Ajowan Spice Healing Powers
Other names: Carom seeds and ajwain (pronounced aj’o-wen)
Ajowan spice healing powers are popular in India, where the spice is used in cooking to add zest to curries and aroma to breads and biscuits. As an added bonus, ajowan spice healing powers are known to have the ability to heal every day ills.
Think of how often we run to our medicine cabinets to grab aspirin for aches, cough medicine for coughs and sore throats, antacids for our tummies or antihistamine for allergies. Well, in India, people are more likely to prepare a beverage called “omam water – ajowan spice seeds steeped in warm distilled water.
Oman water is generally used for digestive ailments such as heartburn, belching, bloating, flatulence and diarrhea. This beverage is technically considered a folk remedy; however, researchers are studying ajowan now giving it scientific support as a spice with healing powers.
Soothe the Digestive Tract
Researchers have thus far discovered more than two dozen medicinally active compounds in ajowan’s tiny seeds. One of them is as strong as morphine!
Relief for Pain
Raw ajowan seeds have a hot, bitter flavor that is so intense they will actually numb your tongue for a moment. When used in cooking, the sting is abated. In any event, the cause of this temporary numbing is from the thymol. It literally numbs pain.
Researchers believe further relief is due to the choline and acetylcholine (controls involuntary muscles) in ajowan seeds. Choline is a nutrient that aids the brain in sending healing messages to the body. To get the most relief, one must use the seeds roasted.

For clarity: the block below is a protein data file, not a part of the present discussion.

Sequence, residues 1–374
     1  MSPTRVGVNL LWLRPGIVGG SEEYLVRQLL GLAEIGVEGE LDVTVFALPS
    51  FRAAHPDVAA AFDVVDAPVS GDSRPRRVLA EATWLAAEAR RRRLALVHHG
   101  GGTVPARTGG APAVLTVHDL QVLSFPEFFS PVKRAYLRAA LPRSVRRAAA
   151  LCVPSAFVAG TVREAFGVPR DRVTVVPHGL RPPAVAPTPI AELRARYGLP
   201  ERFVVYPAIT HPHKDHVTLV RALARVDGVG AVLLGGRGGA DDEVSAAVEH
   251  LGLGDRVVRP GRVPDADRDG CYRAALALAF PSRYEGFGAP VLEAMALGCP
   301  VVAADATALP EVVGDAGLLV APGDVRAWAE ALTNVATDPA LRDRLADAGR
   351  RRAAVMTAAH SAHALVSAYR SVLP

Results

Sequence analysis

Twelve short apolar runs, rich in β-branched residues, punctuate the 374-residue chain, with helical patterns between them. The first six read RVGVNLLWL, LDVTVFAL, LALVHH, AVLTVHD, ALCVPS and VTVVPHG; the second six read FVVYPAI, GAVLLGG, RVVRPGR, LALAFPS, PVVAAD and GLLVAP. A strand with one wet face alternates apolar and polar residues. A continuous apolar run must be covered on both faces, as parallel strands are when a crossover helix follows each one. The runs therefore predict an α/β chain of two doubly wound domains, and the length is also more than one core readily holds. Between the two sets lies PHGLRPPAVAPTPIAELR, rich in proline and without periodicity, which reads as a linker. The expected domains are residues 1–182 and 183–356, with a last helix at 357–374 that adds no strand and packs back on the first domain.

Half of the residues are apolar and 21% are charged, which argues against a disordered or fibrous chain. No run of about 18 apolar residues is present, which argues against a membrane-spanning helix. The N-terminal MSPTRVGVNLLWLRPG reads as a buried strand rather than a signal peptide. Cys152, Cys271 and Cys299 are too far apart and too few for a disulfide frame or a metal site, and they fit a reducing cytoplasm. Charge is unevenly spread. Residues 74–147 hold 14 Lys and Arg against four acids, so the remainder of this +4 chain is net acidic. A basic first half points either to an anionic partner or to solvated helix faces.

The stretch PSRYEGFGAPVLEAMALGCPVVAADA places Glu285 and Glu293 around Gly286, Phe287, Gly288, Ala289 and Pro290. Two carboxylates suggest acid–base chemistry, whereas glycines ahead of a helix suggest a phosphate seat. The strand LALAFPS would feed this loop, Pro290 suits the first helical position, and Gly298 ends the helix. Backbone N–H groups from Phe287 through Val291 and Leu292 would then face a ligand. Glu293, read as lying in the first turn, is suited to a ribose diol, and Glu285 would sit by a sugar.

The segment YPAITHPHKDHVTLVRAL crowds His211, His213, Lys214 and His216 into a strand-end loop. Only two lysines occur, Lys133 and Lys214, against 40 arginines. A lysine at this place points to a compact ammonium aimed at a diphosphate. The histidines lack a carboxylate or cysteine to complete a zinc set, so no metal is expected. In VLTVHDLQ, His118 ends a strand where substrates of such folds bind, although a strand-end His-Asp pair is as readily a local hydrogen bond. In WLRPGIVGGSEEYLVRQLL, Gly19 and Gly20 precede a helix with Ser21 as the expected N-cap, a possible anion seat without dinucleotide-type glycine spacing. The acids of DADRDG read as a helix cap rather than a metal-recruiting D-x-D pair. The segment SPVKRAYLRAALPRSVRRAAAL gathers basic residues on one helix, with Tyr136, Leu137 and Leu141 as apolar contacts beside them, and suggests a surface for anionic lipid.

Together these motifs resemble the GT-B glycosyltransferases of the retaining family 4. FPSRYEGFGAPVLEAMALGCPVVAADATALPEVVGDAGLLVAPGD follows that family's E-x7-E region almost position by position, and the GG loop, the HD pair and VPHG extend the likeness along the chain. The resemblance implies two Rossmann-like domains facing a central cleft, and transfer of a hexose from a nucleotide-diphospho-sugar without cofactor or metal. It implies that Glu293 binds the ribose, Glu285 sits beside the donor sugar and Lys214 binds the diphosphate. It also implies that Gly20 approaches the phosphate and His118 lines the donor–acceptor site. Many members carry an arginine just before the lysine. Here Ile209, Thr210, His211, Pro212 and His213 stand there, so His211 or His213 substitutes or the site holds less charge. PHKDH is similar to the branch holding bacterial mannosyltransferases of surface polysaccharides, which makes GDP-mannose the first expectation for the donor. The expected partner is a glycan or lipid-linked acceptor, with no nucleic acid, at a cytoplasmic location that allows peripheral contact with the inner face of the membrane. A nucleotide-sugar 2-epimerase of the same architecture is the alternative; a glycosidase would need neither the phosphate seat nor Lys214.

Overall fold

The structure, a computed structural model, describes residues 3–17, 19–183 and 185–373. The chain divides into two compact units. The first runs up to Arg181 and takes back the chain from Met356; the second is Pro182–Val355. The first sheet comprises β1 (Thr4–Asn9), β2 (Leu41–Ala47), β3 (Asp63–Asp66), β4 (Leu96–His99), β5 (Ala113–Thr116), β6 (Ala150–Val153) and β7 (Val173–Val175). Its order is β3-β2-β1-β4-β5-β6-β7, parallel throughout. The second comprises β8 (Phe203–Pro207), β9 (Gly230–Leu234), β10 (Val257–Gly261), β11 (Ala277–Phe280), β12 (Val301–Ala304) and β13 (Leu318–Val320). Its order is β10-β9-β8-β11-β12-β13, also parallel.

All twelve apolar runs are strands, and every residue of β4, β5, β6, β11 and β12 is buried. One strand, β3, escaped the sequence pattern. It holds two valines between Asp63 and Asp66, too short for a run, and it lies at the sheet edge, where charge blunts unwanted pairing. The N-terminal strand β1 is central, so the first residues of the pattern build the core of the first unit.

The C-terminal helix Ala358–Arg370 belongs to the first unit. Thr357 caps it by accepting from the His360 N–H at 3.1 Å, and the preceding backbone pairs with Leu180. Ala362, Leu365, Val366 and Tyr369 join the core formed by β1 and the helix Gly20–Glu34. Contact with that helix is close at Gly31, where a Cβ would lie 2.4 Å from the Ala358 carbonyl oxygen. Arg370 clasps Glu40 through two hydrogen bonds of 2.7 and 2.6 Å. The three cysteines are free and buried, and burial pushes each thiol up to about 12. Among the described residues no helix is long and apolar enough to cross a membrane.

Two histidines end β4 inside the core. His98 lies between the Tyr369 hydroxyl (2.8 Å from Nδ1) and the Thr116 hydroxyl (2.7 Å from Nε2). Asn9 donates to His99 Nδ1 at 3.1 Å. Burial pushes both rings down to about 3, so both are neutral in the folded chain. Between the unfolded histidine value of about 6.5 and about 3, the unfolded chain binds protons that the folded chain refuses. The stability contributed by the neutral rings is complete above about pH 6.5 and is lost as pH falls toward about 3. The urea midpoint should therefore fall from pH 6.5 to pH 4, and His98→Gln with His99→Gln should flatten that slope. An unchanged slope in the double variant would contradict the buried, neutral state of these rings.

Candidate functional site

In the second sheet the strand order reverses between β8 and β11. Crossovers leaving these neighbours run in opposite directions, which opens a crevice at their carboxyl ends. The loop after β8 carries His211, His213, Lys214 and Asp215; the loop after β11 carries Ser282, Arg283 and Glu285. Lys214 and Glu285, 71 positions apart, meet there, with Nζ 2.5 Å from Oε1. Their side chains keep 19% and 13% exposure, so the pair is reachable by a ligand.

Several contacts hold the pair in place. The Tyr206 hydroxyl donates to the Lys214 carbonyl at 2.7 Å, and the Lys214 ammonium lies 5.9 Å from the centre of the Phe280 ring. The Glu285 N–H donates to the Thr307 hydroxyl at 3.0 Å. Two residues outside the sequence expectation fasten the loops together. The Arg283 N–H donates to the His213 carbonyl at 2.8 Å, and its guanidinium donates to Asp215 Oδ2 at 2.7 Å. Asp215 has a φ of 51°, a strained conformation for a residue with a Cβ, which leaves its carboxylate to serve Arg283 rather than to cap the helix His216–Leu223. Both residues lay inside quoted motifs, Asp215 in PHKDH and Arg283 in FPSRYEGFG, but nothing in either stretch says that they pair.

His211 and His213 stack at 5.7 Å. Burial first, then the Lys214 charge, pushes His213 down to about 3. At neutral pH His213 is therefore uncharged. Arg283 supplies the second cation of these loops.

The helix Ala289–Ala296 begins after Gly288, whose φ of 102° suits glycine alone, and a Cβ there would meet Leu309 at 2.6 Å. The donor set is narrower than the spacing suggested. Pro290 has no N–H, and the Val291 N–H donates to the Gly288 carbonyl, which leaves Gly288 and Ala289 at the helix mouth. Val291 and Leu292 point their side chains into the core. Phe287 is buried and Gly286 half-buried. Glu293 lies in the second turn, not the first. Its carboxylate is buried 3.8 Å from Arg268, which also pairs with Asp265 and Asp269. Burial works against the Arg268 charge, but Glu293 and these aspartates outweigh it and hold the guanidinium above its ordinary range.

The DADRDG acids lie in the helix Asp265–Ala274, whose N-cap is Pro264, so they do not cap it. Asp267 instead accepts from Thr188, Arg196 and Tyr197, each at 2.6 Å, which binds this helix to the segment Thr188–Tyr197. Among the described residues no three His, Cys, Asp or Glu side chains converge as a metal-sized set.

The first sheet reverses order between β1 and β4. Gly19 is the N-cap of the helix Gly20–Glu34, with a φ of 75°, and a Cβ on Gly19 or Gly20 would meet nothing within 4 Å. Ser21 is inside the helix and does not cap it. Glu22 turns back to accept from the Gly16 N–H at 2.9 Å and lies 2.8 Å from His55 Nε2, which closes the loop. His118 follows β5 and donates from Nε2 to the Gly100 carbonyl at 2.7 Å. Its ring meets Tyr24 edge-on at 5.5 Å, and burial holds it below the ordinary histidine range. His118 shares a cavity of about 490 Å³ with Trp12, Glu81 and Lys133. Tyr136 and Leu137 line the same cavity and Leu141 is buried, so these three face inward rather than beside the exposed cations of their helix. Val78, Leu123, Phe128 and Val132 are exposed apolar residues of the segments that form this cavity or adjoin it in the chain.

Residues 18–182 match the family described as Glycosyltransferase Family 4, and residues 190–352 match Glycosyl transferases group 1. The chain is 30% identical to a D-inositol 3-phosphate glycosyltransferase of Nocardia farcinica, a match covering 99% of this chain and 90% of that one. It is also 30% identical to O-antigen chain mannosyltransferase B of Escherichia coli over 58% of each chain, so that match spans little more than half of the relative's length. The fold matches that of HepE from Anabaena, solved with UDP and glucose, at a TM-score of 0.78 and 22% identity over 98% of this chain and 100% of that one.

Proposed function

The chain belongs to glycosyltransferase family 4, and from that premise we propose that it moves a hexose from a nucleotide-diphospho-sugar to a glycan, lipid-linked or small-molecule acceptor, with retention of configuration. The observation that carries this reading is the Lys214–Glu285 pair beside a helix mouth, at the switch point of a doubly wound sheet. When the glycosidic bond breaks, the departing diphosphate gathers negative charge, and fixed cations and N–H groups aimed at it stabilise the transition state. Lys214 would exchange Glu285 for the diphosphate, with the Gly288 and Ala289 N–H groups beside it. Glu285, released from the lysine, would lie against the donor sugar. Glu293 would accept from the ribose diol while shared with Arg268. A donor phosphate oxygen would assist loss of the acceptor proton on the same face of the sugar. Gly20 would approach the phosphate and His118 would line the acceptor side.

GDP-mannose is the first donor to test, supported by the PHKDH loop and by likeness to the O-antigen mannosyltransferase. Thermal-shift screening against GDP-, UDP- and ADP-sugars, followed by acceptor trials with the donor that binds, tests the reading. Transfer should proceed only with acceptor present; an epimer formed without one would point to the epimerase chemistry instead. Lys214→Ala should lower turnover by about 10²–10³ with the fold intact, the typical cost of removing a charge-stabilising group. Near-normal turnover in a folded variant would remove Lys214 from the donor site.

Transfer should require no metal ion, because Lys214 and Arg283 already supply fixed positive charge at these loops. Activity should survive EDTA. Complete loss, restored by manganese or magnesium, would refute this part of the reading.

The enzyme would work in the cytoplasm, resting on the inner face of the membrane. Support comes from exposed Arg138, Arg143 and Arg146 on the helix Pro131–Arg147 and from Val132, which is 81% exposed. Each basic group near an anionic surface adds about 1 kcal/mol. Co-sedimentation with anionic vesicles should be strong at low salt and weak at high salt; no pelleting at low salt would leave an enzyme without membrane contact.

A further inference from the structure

“The present study supports claims of traditional Iranian medicine showing the Carum copticum
[ajowan] extract possesses a clear-cut analgesic [pain-relieving] effect.” –Journal of Ethnopharmacology
Getting to Know Ajowan
Ajowan may be a stranger to most American kitchens but in American medicine cabinets you may find use of its active ingredients in cough medicines and lozenges. The essential oil from ajowan is thymol, which can be found in mouthwash and toothpaste.
Components of the spice are also used to maintain the shelf life of packaged foods and perfumes.
In the Kitchen
Ajowan works well with starchy foods, and is used to flavor dishes of root vegetables and legumes. In India, it is an essential ingredient in lentil dishes for its taste as well as its ability to improve digestion and prevent flatulence.
An appetizer fritter called pakora or a filled dumpling called samosa are popular in Indian baked goods. In Afghanistan, it is used in breads and pastries. It is also a key ingredient in the Ethiopian spice blend berbere.
pairs well with these spices:
- Mustard seed
The small seeds are about the size of celery seeds and are sold whole, as they are rarely used in ground form. If stored in an airtight container away from heat and moisture, they will keep for two years or more.